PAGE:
The director of Krisha returns with a powerful, tense, post-apocalyptic chamber horror

It Comes At Night

Dir/scr: Trey Edward Shults. US. 2017. 91mins

The tension is beautifully modulated and powerfully deployed in It Comes At Night, the expert sophomore feature from Krisha writer-director Trey Edward Shults. Though drawing from familiar tenets of the post-apocalyptic thriller, this quietly unsettling chamber drama goes its own way, touching on plenty of potent themes without ever settling on one simple metaphor as horror descends on the characters. Shults has once again made a movie about the terror of family, but It Comes At Night’s confident, ruthless craftsmanship suggests a filmmaker only starting to reach his potential.

Largely avoiding shock cuts or other horror-movie gimmicks, It Comes At Night crafts its suspense from a slow build-up

Opening June 9 in the US, this A24 release should do robust art-house business, especially with Joel Edgerton lending some commercial clout. Discriminating horror fans should come out in droves, and strong reviews will further stoke audience curiosity, perhaps resulting in grosses comparable to A24’s The Witch ($40m worldwide).

It Comes At Night thrusts us into a near-future in which some unnamed contagious plague has devastated humanity. Stoic Paul (Edgerton), his wife Sarah (Carmen Ejogo) and their teen son Travis (Kelvin Harrison, Jr.) live in a barricaded house in the middle of the woods, always on high-alert for any infected people who might try to break down the door. One day, they’re visited by Will (Christopher Abbott), who isn’t sick but is desperate to find lodging for his healthy wife Kim (Riley Keough) and their boy Andrew (Griffin Robert Faulkner). Reluctantly, Paul decides to let them live with his family.

From that setup, most viewers will understandably begin speculating on how innocent these outsiders really are — and how their arrival will upset the equilibrium within this boarded-up home. It’s practically a given in the zombie/post-apocalyptic genre that, for the survivors, the dread provoked by the monsters outside the walls is almost as strong as the distrust and uncertainty that escalates between those left alive.

Shults plays with these expectations, occasionally leading to predictable plot points. But just as Krisha dwelled in a familiar genre — that of the family drama — while bringing fresh intensity through a focus on the characters’ psychological makeup, It Comes At Night tweaks narrative conventions to tell a resonant story about suspicion, family, patriarchy, sexual desire and guilt. Other movies superficially resemble It Comes At Night, but whether it’s Kris Fenske’s elaborate, ominous sound design or Krisha cinematographer Drew Daniels’ immaculately moody low-light photography, few of its peers are as elemental in their oppressive unease.

Largely avoiding shock cuts or other horror-movie gimmicks, It Comes At Night crafts its suspense from a slow build-up, Shults taking time to establish the characters just enough so that we get a vague sense of them — which makes it that much easier for the filmmaker to surprise us with their actions or leave us wondering what they’re not revealing to each other.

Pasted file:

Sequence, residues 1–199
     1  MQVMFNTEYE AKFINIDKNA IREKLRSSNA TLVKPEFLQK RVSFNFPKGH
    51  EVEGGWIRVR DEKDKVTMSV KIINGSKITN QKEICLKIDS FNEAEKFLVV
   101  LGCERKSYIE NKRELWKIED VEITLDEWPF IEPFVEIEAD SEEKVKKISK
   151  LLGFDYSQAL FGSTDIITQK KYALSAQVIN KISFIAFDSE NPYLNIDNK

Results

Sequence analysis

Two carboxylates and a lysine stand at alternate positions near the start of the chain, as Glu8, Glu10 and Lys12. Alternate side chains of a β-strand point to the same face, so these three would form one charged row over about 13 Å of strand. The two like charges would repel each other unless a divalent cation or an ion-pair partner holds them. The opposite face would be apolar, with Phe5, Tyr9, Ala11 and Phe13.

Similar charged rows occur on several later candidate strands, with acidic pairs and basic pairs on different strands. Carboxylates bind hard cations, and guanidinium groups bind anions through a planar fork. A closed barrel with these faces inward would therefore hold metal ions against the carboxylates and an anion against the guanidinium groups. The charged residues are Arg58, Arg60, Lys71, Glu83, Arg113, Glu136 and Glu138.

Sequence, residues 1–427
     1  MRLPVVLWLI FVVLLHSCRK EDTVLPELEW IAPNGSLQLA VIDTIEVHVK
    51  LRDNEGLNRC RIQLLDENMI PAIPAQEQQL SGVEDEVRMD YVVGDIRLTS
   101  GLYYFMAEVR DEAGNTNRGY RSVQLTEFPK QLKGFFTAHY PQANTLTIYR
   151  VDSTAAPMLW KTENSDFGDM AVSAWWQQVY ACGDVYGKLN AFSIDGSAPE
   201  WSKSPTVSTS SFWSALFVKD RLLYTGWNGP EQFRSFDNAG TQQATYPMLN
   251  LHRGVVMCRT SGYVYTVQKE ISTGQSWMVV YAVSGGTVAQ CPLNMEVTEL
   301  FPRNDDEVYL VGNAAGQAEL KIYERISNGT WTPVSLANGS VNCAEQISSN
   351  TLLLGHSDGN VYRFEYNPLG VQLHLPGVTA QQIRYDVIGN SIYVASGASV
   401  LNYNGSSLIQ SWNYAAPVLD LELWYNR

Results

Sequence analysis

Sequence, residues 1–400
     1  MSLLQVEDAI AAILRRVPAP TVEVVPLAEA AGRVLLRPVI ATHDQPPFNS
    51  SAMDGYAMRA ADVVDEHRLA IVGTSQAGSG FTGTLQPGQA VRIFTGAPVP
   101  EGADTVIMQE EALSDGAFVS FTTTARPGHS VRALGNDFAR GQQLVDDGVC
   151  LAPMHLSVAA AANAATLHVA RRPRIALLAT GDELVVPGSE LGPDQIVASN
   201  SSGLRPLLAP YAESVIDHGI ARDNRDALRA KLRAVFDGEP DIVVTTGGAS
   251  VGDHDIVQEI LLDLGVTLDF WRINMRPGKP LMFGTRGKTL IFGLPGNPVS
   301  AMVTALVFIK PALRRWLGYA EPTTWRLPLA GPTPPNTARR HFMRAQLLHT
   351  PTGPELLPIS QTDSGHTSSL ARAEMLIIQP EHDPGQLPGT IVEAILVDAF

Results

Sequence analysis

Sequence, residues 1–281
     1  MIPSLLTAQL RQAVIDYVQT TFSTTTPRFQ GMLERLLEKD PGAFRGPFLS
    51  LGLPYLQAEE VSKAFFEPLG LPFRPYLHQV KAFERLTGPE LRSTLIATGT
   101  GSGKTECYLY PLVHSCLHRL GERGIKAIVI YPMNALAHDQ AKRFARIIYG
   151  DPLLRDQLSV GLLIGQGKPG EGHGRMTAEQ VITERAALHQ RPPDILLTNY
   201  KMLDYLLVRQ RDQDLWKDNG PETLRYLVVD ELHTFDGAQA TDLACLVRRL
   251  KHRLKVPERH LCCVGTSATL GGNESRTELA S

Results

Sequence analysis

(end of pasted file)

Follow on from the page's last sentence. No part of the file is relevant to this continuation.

Flexing a rugged masculinity, Edgerton plays Paul as the quintessential protective father, his spooked eyes a by-product of the horrors he’s seen. Paul’s initial resistance to helping Will is born from his vigilance to safeguard his family, but once he allows them into his home, he wrestles with trust issues — not to mention a passing concern that his wife and son don’t need him as much now that they have other people in their life. Of course, such a taciturn man never expresses these feelings, but Edgerton’s precise, muted performance telegraphs the character’s shifting emotions.

The entire ensemble echoes Edgerton’s teasingly opaque turn. Abbott’s edginess could suggest either deceitfulness or apprehension, making it impossible to know Will’s exact motivations: Is he seeking sanctuary or does he have something more sinister in mind?

While the female leads are uniformly strong, It Comes At Night zooms in on the men, taking special note of Harrison. He’s terrific as an unsteady teen discombobulated by their dire circumstances but, also, by the grief he feels for his recently-dead grandfather, whom Paul had to eliminate because he showed symptoms of the lethal disease.

It’s through Travis’s perspective that we see the film’s power dynamics fluctuate, resulting in uncomfortable moral questions and tense split-second decisions, and the young actor communicates each moment of rippling unease with immediacy. In this claustrophobic setting, Travis is haunted by nightmares but, in one form or another, all the characters are infected by a fear they can’t shake.

Production company: Animal Kingdom

US distribution: A24,

International sales: Visit Films,

Producers: David Kaplan, Andrea Roa

Executive producer: Joel Edgerton

Cinematography: Drew Daniels

Production design: Karen Murphy

Editors: Trey Edward Shults & Matthew Hannam    

Music: Brian McOmber


Main Cast: Joel Edgerton, Christopher Abbott, Carmen Ejogo, Kelvin Harrison, Jr., David Pendleton, Griffin Robert Faulkner, Riley Keough